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  • Poor relationship quality and reduced frequency of social contact during the COVID-19 pandemic were associated with greater reports of loneliness and disturbed sleep patterns, both of which could contribute to declines in mental and physical health, according to preliminary findings of a study by Austen Riggs Center Research Psychologist Katie Lewis, PhD.  

  • Austen Riggs Center former patient Nina Gutin, PhD, reflects on her time at Riggs and what she learned while in treatment.

    I was a patient at Austen Riggs many years ago. Shortly after I “graduated,” I was asked to help start a patient “Alumni” network at Riggs, which is still ongoing. I decided to become a psychologist myself and now maintain an involvement with Austen Riggs on a professional level. With the perspective of someone who has been “on both sides of the couch,” I have strong feelings about my treatment then, and for what continues to pass as “treatment as usual” in the majority of contemporary treatment settings.  

  • The Austen Riggs Center has a therapeutic community in an open treatment setting.

    Who is residential treatment meant for? This is a question we hear often and the answer is not always straightforward. However, if you seriously struggle with relationships and have difficulty interacting with friends, family, co-workers, and others, you may benefit from residential treatment. These kinds of struggles can be a sign of impaired social learning, and interventions such as one-on-one sessions with a therapist alone may not be enough. In such instances, intermediate levels of care like residential treatment can help you build social learning capacity by being immersed in a community of peers and providers with many opportunities for sustained interaction and relationship-building.  

  • Aspects of relying on Zoom in a residential treatment center. 

    When the COVID-19 pandemic hit, we had to adapt quickly. Both the virus and our adaptations to it shook the foundations of the Riggs community. The virus turns every person into a potential hazard to every other person; anyone could be a silent unwitting conduit. So many people already harbor anxiety about being harmed by others or about accidentally harming them–this harm is now perilously close to becoming real. The virus becomes a symbol for the dangers of other people.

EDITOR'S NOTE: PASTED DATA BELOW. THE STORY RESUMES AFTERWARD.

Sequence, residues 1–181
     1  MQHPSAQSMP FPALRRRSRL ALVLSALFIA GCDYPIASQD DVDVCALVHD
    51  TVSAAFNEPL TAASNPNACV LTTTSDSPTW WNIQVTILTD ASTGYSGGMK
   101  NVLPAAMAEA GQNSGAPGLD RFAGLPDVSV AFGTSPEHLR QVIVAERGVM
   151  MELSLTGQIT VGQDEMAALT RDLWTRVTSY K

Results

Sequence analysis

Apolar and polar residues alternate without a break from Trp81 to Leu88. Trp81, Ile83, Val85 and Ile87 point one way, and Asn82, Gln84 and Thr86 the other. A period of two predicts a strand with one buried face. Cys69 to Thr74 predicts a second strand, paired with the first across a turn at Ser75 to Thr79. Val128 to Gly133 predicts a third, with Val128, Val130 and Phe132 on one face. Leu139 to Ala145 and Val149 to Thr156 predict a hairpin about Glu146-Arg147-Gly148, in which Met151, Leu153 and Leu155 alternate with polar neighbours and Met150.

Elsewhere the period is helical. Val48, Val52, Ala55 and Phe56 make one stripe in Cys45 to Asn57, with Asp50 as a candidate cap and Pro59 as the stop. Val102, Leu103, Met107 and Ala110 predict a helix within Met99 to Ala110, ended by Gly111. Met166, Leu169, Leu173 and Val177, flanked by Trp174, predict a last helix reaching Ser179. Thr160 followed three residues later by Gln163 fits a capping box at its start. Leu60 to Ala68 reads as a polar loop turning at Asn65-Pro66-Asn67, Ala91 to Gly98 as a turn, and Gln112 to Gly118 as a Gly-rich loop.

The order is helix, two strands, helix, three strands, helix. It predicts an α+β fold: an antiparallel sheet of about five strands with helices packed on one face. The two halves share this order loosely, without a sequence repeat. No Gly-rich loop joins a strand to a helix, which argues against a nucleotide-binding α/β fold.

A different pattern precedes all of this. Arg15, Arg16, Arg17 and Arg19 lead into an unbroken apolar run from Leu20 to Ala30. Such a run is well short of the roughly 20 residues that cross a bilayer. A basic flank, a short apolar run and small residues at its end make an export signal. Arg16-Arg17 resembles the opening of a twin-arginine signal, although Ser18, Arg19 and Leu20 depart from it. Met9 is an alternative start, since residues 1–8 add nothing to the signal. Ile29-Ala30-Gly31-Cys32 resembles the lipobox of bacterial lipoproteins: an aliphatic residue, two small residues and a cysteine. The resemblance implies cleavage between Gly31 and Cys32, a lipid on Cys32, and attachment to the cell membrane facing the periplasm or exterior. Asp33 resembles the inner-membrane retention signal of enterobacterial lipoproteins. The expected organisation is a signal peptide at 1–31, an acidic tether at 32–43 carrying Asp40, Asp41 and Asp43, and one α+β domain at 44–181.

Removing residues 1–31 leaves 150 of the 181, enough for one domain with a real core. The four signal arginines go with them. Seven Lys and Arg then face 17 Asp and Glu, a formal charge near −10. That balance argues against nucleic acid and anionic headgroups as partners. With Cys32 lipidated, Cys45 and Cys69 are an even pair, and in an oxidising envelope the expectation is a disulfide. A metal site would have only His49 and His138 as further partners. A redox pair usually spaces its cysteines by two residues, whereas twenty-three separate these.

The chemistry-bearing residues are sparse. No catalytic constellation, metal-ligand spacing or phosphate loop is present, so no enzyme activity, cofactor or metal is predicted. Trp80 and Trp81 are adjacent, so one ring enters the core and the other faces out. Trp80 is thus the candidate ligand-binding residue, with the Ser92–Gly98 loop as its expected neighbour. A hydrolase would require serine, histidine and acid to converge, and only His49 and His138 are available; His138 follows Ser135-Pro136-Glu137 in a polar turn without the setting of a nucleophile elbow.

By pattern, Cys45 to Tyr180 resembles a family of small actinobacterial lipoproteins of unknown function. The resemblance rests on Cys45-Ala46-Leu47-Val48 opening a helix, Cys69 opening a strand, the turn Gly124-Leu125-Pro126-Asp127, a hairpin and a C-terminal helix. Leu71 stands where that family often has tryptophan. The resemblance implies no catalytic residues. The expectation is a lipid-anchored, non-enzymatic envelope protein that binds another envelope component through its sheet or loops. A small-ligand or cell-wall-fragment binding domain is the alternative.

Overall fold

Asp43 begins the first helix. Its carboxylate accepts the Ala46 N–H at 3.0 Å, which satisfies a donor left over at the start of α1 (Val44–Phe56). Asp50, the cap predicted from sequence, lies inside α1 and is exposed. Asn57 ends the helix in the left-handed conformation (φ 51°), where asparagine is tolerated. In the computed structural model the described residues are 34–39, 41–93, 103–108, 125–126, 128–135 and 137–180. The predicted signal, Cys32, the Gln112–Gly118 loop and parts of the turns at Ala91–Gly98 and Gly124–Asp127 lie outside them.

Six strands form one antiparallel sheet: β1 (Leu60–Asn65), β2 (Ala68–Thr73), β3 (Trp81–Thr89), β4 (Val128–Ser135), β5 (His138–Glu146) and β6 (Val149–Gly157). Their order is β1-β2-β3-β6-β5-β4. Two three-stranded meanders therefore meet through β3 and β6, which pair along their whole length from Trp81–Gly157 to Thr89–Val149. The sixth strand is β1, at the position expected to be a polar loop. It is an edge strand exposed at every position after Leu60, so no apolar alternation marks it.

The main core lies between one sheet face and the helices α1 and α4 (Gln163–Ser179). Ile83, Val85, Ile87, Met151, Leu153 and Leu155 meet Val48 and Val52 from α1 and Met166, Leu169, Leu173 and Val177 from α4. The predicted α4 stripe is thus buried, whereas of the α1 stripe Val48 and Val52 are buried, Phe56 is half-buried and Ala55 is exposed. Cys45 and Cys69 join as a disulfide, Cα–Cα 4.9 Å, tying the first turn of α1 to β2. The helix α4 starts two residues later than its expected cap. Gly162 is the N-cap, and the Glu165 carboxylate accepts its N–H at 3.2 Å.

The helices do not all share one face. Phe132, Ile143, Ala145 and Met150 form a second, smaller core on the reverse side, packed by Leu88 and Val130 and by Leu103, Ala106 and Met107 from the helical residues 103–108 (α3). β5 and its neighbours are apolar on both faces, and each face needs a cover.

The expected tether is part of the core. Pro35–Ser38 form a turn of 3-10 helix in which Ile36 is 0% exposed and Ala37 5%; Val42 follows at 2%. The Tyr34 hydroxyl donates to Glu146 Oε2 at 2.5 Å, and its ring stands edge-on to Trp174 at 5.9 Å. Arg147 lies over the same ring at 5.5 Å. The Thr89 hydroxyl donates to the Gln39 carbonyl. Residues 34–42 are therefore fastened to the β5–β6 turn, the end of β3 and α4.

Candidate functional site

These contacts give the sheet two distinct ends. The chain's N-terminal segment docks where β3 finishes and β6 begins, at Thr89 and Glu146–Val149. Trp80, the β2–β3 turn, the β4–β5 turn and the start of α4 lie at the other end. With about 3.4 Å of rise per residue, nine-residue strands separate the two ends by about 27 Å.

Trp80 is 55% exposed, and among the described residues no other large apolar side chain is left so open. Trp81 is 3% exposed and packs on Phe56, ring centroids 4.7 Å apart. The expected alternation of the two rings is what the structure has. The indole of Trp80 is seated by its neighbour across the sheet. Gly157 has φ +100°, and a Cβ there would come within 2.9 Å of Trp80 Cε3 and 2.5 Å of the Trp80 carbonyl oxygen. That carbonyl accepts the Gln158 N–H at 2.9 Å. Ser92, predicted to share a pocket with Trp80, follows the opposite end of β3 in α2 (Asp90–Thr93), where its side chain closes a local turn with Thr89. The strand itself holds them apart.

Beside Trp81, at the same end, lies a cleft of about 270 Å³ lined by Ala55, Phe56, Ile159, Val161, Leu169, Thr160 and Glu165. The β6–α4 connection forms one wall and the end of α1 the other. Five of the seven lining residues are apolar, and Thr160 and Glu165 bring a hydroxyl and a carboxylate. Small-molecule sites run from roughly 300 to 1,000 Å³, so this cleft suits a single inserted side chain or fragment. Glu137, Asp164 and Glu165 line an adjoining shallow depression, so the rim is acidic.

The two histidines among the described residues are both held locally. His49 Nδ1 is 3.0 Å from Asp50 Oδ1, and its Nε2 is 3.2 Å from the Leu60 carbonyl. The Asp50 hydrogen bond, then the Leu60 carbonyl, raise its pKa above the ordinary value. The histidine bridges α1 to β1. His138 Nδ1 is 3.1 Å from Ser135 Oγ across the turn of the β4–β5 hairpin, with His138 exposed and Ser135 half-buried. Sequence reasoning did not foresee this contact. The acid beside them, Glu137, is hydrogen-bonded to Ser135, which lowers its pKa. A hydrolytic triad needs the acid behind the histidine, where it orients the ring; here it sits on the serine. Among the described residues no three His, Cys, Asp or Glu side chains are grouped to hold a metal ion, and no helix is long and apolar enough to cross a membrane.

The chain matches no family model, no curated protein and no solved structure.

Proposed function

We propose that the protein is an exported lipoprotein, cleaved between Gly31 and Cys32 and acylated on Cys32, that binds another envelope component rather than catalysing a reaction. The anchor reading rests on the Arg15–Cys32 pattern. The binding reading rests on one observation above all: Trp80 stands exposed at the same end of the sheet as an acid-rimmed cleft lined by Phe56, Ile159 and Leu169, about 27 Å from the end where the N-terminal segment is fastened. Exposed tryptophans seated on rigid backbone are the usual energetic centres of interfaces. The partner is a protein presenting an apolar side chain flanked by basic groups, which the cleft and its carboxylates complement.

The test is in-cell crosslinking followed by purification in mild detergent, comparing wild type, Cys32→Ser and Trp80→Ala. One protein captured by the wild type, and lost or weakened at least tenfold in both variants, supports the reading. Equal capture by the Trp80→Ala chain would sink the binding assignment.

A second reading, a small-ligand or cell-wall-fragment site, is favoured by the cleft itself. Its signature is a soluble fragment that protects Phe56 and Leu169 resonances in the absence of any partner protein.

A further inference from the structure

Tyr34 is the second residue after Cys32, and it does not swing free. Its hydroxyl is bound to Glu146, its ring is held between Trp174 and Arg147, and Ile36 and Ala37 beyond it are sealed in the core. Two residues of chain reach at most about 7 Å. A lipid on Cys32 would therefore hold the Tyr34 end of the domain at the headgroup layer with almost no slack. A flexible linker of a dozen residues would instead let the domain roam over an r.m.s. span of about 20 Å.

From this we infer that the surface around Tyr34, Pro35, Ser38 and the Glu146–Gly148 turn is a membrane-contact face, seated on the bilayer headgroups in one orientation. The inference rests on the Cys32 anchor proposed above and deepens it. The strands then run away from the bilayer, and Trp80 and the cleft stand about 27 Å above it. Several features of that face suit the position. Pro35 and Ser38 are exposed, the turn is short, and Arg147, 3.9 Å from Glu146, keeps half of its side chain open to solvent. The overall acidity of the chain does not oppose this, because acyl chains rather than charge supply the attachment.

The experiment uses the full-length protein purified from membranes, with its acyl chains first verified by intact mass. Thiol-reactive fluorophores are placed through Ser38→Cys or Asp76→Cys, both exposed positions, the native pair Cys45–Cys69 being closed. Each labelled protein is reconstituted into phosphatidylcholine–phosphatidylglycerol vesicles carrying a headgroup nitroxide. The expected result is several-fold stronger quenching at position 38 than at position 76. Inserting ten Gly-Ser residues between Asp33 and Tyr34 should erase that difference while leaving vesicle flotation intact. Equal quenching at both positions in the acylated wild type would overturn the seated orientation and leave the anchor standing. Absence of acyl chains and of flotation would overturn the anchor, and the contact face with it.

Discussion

• You are invited to participate in a research study on experiences of loneliness and boredom in response to social distancing related to the novel COVID-19 virus pandemic, entitled “Loneliness and Social Distancing.”

    Austen Riggs Center Research Psychologist Katie Lewis, PhD, provides an update on her Loneliness and Social Distancing Research Study. 

     

  • In March, Massachusetts Governor Charlie Baker declared a state of emergency for the Commonwealth in response to the growing COVID-19 pandemic. The order was for all non-essential businesses to close, for residents to limit unnecessary travel, and recommendations were given about social distancing. Designated as an essential behavioral healthcare facility, the Austen Riggs Center is adhering to the state guidelines. Riggs stopped taking new admissions, began using video conferencing for some group and individual meetings, restricted visitors from coming on campus, and instructed patients that they could no longer travel back and forth from the outside community to the Riggs campus. 

  • Dr, Fromm - Senior Consultant, Erikson Institute for Education and Research

    For nearly two months the COVID-19 pandemic has affected how we relate to each other.  Work life and social life have changed. We are farther apart and have to find new ways to be together.  In that process, emotional challenges and stresses face everyone, and take their toll on the more vulnerable.  The 4X4@4:00 “Talking It Through” series creates an online forum on select Monday afternoons for panelists and members of the general public to explore the psychological impact of what we’re going through and to make new connections, both with each other and in our understanding of these challenges. 

  • Loneliness and Social Distancing Research Study Overview

    In this video blog, Austen Riggs Research Psychologist Dr. Katie Lewis gives an overview of the Loneliness and Social Distancing Research Study that she is conducting. 

  • Dr. Katie Lewis Writes About the Psychological Impact of Social Distancing.

    Right now, the physical health and well-being of the country depend on our adherence to the recent and ongoing implementation of social distancing (SD) in communities across the globe to reduce the spread of the novel coronavirus (COVID-19). However, the current scale of SD is unprecedented and may lead to significant and lasting negative psychological effects.

  • Can Wearable technology answer questions about the links among social interactions, the quality of our sleep, and suicide risk?

    Wearable technology is providing us with an unprecedented amount of information about our health, activity, and our habits. Now they may help answer some pressing questions about the links among social interactions, the quality of our sleep, and suicide risk. Austen Riggs Center Research Assistant Fiona Brown explains some of what may be possible and what it is like to wear one particular device being used in a newly-funded NIMH study. 

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